Published papers of a German cognitive psychologist are retracted after her co-authors come forward.
In a 2019 report produced by the Dutch Leiden University found that Lorenza Colzato, a cognitive psychologist in Germany, had “failed to obtain ethics approval for some of her studies, manipulated her data and fabricated results in grant applications.” Her former institutional employer found her guilty of multiple counts of misconduct. The Leiden report laid out its findings, which were supported by the Netherlands Board on Research Integrity, in November and called for the retraction of two papers by Colzato and her co-authors. Three of these co-authors acted as whistleblowers in the case, and to date, at least one of the papers has been retracted.
In a statement, the three whistleblowers indicated, “We worked with the accused for many years, during which we observed and felt forced to get involved in several bad research practices. These practices would range from small to large violations. Since early on we were aware that this was not OK or normal, and so we tried to stand up to this person early on. However, we very quickly learned that complaining could only lead to nasty situations such as long and prolonged criticism at a professional and personal level. But seeing this behavior recurring and steadily escalating and seeing other people in the situations we had been in, led us to feel like we could no longer stay silent. We had become more independent (despite still working in the same department) and felt like we had to ‘break’ that system. About one year ago, we brought the issues to the attention of the scientific Director of our Institute, who took our story seriously from the beginning. Upon evaluating the evidence, together we decided the Director would file a complaint. Out of fear for retaliation, we initially did not join as formal complainants but eventually gathered the courage to join the complaint and disclose our role.”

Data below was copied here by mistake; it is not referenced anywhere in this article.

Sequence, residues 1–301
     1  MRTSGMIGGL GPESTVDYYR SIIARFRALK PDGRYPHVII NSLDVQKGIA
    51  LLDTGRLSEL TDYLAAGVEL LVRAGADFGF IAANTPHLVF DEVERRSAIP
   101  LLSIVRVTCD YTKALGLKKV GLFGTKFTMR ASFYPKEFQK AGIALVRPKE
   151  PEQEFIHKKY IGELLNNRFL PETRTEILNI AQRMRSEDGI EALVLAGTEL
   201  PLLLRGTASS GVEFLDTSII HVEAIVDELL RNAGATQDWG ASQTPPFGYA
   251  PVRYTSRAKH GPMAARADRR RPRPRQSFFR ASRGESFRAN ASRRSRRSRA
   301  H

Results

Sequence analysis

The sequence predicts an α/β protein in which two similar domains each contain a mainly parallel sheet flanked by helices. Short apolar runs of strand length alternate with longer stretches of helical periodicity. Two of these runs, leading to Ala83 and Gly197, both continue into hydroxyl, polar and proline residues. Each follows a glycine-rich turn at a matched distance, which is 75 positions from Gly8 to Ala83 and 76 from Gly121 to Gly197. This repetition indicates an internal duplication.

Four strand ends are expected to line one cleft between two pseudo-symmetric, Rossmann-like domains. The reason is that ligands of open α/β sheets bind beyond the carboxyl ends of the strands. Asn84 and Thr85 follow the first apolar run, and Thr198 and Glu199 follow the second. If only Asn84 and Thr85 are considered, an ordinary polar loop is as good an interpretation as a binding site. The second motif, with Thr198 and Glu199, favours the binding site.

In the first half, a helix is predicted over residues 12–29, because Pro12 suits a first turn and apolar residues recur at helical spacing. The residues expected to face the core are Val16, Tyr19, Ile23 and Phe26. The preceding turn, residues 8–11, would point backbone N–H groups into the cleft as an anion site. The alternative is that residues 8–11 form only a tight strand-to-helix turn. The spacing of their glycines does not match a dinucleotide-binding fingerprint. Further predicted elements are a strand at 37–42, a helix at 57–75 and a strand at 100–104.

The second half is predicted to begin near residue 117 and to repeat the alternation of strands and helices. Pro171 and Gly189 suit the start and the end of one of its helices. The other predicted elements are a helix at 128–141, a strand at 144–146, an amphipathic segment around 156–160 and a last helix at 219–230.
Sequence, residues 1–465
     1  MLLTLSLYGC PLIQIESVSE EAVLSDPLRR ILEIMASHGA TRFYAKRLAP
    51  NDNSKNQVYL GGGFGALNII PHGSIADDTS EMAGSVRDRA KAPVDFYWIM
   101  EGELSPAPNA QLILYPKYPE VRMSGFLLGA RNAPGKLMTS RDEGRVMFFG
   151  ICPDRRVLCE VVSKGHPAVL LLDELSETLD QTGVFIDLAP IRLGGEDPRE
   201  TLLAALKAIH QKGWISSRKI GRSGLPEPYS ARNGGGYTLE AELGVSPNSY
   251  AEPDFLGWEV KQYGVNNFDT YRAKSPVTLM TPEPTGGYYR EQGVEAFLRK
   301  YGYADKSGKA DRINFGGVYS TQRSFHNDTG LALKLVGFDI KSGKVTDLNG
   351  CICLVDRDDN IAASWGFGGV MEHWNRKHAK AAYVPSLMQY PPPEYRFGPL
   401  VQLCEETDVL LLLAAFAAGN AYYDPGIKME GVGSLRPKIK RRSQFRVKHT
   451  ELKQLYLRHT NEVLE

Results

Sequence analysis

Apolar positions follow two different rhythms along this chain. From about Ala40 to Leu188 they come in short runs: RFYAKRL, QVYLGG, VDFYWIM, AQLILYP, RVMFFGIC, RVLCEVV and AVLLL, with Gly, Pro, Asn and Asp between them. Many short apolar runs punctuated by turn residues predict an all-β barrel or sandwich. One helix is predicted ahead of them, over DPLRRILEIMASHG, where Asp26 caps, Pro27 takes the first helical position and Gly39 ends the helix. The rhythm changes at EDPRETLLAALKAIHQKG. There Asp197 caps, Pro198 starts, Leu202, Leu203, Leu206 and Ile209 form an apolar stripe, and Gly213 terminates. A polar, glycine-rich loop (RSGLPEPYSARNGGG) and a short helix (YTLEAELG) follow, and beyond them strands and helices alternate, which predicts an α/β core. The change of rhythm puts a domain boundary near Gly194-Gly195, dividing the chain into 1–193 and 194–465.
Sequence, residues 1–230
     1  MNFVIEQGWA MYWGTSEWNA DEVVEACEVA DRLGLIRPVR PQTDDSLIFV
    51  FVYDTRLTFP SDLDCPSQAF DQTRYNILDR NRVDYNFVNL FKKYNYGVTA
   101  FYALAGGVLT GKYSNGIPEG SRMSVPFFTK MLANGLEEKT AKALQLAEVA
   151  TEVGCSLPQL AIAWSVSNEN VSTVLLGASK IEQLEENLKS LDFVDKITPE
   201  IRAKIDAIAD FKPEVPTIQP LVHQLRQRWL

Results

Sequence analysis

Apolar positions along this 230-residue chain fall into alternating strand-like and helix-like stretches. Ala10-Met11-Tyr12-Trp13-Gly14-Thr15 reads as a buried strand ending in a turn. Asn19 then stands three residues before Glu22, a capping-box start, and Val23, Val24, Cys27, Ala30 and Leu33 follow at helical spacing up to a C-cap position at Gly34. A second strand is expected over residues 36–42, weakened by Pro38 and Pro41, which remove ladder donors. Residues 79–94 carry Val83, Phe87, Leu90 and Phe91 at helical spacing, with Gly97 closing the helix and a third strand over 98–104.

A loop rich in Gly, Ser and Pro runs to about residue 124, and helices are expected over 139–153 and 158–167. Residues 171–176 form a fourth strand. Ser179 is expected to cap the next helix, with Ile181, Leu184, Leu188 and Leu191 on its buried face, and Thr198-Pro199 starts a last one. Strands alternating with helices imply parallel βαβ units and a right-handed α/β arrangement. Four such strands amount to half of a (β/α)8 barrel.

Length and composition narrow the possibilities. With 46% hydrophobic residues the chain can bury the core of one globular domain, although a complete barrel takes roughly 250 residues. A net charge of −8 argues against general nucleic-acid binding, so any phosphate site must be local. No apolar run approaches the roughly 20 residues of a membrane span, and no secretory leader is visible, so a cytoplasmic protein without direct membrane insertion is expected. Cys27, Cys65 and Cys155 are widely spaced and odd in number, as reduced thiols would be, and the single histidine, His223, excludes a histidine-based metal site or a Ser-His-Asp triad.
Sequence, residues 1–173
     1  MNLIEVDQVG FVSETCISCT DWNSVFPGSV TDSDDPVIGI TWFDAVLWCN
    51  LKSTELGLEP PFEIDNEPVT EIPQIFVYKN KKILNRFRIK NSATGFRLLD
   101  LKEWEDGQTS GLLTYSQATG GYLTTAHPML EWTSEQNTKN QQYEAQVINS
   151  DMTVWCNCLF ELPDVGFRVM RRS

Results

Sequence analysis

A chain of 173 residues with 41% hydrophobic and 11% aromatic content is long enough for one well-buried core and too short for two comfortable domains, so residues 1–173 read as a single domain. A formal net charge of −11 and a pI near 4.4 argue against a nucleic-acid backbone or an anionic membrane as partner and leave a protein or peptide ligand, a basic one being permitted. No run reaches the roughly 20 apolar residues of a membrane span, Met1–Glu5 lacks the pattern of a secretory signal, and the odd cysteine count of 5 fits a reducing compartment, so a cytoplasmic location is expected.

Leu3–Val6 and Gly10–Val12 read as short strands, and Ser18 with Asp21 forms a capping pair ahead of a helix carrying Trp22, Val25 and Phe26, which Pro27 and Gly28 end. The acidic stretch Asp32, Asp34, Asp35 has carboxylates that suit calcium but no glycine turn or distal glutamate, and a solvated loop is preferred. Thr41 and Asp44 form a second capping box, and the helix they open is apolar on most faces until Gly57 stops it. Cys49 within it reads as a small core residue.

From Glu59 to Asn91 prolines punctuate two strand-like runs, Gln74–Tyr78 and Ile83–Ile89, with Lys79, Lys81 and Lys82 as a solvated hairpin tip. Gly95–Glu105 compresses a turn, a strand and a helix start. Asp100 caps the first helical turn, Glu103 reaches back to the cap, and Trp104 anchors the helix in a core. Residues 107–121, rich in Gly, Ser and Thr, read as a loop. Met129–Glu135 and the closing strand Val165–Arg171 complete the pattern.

Investigators found Colzato falsified information in three grant applications by presenting “non-existent” data as preliminary findings to support her studies. The report indicates, “These concerns detailed graphs of complicated studies including genotyping and psychological tests. Complainant has admitted for one of these that she intended to write ‘expected results.’ The Committee does not see this as plausible given the detailed information provided in the grant application and comes to the conclusion that this presentation of non-existing data is a breach of scientific integrity.”
The retracted paper, titled ‘Overweight and cognitive performance: High body mass index is associated with impairment in reactive control during task switching,’ appeared in a 2017 of Frontiers in Nutrition. The retraction notice states, “The journal hereby retracts the above cited article. This follows the recommendations of an investigation by Leiden University’s Committee on Scientific Integrity which found that the paper contained gross data manipulation. These issues could not have been detected during review but nevertheless invalidate the study’s findings. The retraction has been approved by the journal Chief Editors.”
The second paper, titled ‘The effect of gamma-enhancing binaural beats on the control of feature bindings,’ remains intact in Experimental Brain Research. The fate of this paper is still too be determined.